Saturday, 8 October 2011

Special Saturday - Tips for Parents of Children with Special Needs

The one thing you learn when you have a child is that people - total strangers - give you advice. Then when your child has special needs it feels like every single person must give you advice whether they know you, have ever met you or know anything about your child's condition.

Advice is important and sometimes someone completely separate from the situation can see an avenue or option because they don't know what they are talking about and are not hampered by narrow thoughts but on the whole the best advice comes from other parents living the same experiences as you.

This week for Special Saturday we're sharing tips with each other so I thought I would let my mind wander and make a list of my own personal tips:

- It is normal to grieve. Grieving is part of the journey we are on. You grieve the life you thought you had and the life you thought your child was going to live. Don't fight the emotions, acknowledge them and let yourself grieve - you will feel better afterwards.

- Your grief won't end after a good cry. In fact you may find yourself watching a movie, a group of children playing or a mother cuddling her newborn child and you will feel the tears forming again for many years. But you will understand the tears and you will know that they will leave just as they have come.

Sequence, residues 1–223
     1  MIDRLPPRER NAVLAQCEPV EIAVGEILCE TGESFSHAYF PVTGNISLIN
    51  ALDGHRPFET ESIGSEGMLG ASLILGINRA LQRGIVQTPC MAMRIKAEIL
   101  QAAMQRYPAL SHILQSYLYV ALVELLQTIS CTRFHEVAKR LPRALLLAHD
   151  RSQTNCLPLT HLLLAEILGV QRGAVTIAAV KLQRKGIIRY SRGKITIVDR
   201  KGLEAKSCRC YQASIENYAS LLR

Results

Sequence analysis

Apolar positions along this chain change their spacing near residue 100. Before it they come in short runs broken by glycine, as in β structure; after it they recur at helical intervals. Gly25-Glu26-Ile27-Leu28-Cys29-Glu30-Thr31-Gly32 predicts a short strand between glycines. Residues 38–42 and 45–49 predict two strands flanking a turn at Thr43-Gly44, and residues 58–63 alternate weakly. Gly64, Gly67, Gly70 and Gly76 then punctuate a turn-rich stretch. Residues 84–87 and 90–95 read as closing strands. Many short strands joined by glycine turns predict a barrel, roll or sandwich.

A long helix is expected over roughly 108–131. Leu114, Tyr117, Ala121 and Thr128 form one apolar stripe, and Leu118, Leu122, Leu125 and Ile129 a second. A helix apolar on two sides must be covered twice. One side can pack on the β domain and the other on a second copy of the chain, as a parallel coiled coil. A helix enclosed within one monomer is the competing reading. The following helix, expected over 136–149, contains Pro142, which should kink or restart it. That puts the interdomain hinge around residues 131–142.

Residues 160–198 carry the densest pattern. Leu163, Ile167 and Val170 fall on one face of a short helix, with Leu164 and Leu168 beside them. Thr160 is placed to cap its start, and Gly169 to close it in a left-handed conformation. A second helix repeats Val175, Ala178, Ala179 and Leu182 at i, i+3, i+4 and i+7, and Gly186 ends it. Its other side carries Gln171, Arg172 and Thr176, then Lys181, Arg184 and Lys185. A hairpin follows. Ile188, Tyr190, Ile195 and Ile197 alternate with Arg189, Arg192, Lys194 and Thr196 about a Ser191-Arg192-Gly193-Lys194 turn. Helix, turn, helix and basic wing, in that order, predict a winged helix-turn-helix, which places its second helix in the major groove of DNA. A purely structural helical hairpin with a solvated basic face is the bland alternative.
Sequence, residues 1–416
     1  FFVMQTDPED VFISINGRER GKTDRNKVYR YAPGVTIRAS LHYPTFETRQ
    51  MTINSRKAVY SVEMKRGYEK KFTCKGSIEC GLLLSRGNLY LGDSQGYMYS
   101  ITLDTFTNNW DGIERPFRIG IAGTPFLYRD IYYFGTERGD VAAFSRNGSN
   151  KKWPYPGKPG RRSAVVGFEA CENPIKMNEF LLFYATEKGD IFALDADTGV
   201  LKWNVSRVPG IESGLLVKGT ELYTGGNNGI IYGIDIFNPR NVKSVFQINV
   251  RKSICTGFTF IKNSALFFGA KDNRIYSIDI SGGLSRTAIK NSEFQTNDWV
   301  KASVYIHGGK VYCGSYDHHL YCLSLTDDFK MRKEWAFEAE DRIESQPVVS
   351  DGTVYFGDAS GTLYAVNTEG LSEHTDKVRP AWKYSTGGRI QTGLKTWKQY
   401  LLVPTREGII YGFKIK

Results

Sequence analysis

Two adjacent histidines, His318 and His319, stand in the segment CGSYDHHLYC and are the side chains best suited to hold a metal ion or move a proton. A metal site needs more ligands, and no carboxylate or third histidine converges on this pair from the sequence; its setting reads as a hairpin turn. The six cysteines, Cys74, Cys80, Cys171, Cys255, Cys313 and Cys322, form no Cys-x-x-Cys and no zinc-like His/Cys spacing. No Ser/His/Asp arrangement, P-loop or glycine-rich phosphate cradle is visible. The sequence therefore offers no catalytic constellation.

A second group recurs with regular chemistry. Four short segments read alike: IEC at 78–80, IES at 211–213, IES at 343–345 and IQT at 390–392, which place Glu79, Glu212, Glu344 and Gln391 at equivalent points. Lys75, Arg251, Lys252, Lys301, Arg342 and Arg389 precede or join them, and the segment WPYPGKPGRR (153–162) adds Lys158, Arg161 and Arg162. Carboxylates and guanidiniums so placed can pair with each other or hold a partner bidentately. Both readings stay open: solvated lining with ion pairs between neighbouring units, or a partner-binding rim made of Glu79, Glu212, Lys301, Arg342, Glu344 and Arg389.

- Don't let your child's condition define you. You are you and don't ever lose that. You're still a wife and a mother, a sister and a wife, a best friend and an aunt. Be all those things to all those people and enjoy being you.

- Accept that your life has changed. If you fight it and don't acknowledge it you will make your life harder. Things are not the same and they won't be again but that doesn't mean that it is all bad. There are positives and advantages some times so enjoy them. Of course we would give back the positives and advantages in a blink of an eye if it would turn back time and take away whatever has happened to your child but we are not magicians and no matter how hard we wish and pray this isn't going to happen.

- Learn to be flexible and adaptable. It makes your life a lot easier. For some of us that means becoming more structured than we would like and for others it means throwing away the clock and timetable and doing what needs doing when it needs doing. Go with the flow and don't worry about what other people think, they don't live your life.

- Take time out when you can. If that means sitting and staring at mindless day time TV while your child finally sleeps peacefully on your lap, then do it. The dishes can wait, the washing isn't going anywhere and if the beds don't get made - is the world going to end? No!

- Have fun! Our lives get very serious and sometimes down right scary. We sometimes forget to have fun. Watch a funny comedy or tell some silly jokes. Sing silly songs in the car or pull faces in the mirror while your washing that face again. Laughter truly is the best medicine and it costs nothing.